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Personal Data Handling

Endnotes

    Personal Data Handling

    Overview

    When it went into effect in 2018, the European Union’s General Data Protection Regulation (GDPR) offered ground-breaking protections for personal data. But it also raised questions for blockchain networks as to their new compliance obligations both within and beyond the EU.

    The GDPR places obligations on what it terms data controllers and processors; however, when there is no centralised service provider as on a blockchain network, who is responsible for overseeing the treatment of personal data, or paying penalties when obligations are breached? And if a chain is recording data immutably, what does that mean for erasure obligations if that data cannot be taken down? While such considerations need not be prohibitive to beginning a new blockchain project, they should be addressed early on – even, in some circumstances, by supply-chain organisations not based in the EU.

    Recommended reading - Inclusive Deployment of Blockchain for Supply Chains: Part 4 – Protecting Your Data.[96]

    Applicability of the GDPR

    Is there a general understanding that personal data regulation will apply to your blockchain solution? What factors do organisations need to consider when determining the applicability of data protection and privacy obligations?

    Personal data protection compliance requirements can dissuade the deployment of blockchain in supply chains if not properly understood, in part because the cost of non-compliance is so high. In addition, such regulations are seldom made with blockchain in mind and thus do not consider the particular nuances associated with blockchain.

    While it is not possible to present a comprehensive treatment of all personal data protection regulations that might apply to an international blockchain solution, this module focuses on the European Union’s General Data Protection Regulation (GDPR) as a proxy for all data protection and privacy obligations due to its broad scope and detail. The GDPR is also at the forefront of a new wave of data protection legislation globally which places strict obligations on organisations handling personal data or personally identifiable information, such as the recent California Consumer Privacy Act (CCPA).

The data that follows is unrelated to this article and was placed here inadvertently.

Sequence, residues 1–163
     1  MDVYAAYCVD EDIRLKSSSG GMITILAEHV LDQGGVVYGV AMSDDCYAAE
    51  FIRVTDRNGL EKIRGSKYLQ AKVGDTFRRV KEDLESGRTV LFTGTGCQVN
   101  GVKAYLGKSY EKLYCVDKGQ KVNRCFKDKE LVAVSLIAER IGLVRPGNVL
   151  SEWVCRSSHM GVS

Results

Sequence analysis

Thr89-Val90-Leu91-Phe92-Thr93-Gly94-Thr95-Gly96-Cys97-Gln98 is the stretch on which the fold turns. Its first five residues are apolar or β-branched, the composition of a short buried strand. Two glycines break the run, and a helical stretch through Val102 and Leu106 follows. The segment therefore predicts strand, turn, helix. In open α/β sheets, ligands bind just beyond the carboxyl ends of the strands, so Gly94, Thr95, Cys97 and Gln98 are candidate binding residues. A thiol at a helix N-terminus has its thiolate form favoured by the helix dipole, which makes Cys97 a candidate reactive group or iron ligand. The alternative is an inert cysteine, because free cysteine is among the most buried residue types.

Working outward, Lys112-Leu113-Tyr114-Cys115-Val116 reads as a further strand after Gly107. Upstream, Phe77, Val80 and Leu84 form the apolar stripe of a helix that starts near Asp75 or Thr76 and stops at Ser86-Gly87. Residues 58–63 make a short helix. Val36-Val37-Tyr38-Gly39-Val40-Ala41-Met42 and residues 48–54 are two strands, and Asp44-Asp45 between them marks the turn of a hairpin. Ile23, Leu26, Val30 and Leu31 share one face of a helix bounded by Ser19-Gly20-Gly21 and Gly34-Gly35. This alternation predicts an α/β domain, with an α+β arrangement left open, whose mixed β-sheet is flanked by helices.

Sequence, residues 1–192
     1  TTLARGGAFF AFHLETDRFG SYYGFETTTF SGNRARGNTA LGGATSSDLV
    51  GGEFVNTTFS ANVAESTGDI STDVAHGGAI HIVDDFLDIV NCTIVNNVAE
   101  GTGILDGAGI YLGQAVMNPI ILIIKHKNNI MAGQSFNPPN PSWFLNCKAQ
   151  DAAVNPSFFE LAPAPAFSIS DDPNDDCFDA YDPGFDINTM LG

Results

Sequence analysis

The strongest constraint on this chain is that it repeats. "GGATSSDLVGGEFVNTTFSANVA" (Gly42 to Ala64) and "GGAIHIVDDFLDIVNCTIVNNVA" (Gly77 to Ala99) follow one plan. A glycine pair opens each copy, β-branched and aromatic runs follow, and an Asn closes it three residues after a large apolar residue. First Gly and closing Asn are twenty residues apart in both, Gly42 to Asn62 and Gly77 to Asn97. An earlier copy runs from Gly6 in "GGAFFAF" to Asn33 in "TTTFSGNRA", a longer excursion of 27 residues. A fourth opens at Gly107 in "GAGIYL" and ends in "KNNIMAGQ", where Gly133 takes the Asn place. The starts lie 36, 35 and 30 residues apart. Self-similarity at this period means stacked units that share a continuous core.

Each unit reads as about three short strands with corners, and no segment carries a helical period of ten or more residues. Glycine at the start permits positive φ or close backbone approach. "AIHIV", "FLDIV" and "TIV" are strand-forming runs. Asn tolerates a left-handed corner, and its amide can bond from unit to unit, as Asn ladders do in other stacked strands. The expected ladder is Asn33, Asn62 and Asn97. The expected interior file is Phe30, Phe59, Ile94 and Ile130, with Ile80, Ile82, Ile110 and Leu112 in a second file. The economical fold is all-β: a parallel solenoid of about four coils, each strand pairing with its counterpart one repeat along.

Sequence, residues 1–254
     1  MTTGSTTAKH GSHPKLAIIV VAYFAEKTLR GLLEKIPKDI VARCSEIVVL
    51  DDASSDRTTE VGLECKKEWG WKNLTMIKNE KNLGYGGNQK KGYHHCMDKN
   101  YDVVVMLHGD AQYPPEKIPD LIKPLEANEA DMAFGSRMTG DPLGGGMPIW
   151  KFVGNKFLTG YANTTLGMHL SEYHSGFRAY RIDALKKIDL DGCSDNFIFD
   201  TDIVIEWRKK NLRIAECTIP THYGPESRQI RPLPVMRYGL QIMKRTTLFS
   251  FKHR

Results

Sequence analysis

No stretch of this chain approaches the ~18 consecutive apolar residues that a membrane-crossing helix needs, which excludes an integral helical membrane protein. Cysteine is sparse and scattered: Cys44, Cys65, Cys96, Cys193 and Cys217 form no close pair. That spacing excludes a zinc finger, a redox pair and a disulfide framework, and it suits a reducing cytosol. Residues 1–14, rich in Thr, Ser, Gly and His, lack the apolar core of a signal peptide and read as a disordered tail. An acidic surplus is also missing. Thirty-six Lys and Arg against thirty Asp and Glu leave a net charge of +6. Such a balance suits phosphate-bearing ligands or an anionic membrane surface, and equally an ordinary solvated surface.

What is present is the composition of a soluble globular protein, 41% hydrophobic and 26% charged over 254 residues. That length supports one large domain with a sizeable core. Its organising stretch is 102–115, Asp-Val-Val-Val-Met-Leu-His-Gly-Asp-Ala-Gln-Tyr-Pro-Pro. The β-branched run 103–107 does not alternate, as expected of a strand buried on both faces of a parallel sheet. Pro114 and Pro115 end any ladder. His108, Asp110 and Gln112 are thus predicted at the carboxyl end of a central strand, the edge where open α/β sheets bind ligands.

Many non-EU entities mistakenly believe that the GDPR is not applicable to their solutions. It is important for non-EU-based supply-chain partners to consider that they may still find themselves being subject to GDPR requirements in specific circumstances.

    In light of the substantial fines levied for non-compliance and the GDPR’s requirement to consider data protection implications from the ground up – a concept known as “privacy by design” – review of this chapter and professional legal advice is strongly recommended. In addition, professional legal advice is recommended to determine if any other country-specific data protection legislation should be taken into consideration, including legislation surrounding international data transfers.

    Using the GDPR as a proxy for data protection and privacy regulations, we can assume that the GDPR may apply to a blockchain solution or transaction. There is nothing about a blockchain context that exempts such things from data protection regulation.

    Whether the GDPR applies will rest on the answers to two main questions:

    • Personal Data under the GDPR: Does the data in the supply chain meet the definition of “personal data” under the GDPR?
      Personal data may include the name, identification number, location data, online identifier, or other information relating to a person. There are therefore various data points within a supply chain that could reasonably be considered to meet the definition of personal data. The GDPR’s definition of personal data can also include pseudonymised data if such data can be indirectly associated with a person whether by cross-referencing with other datasets or by other means.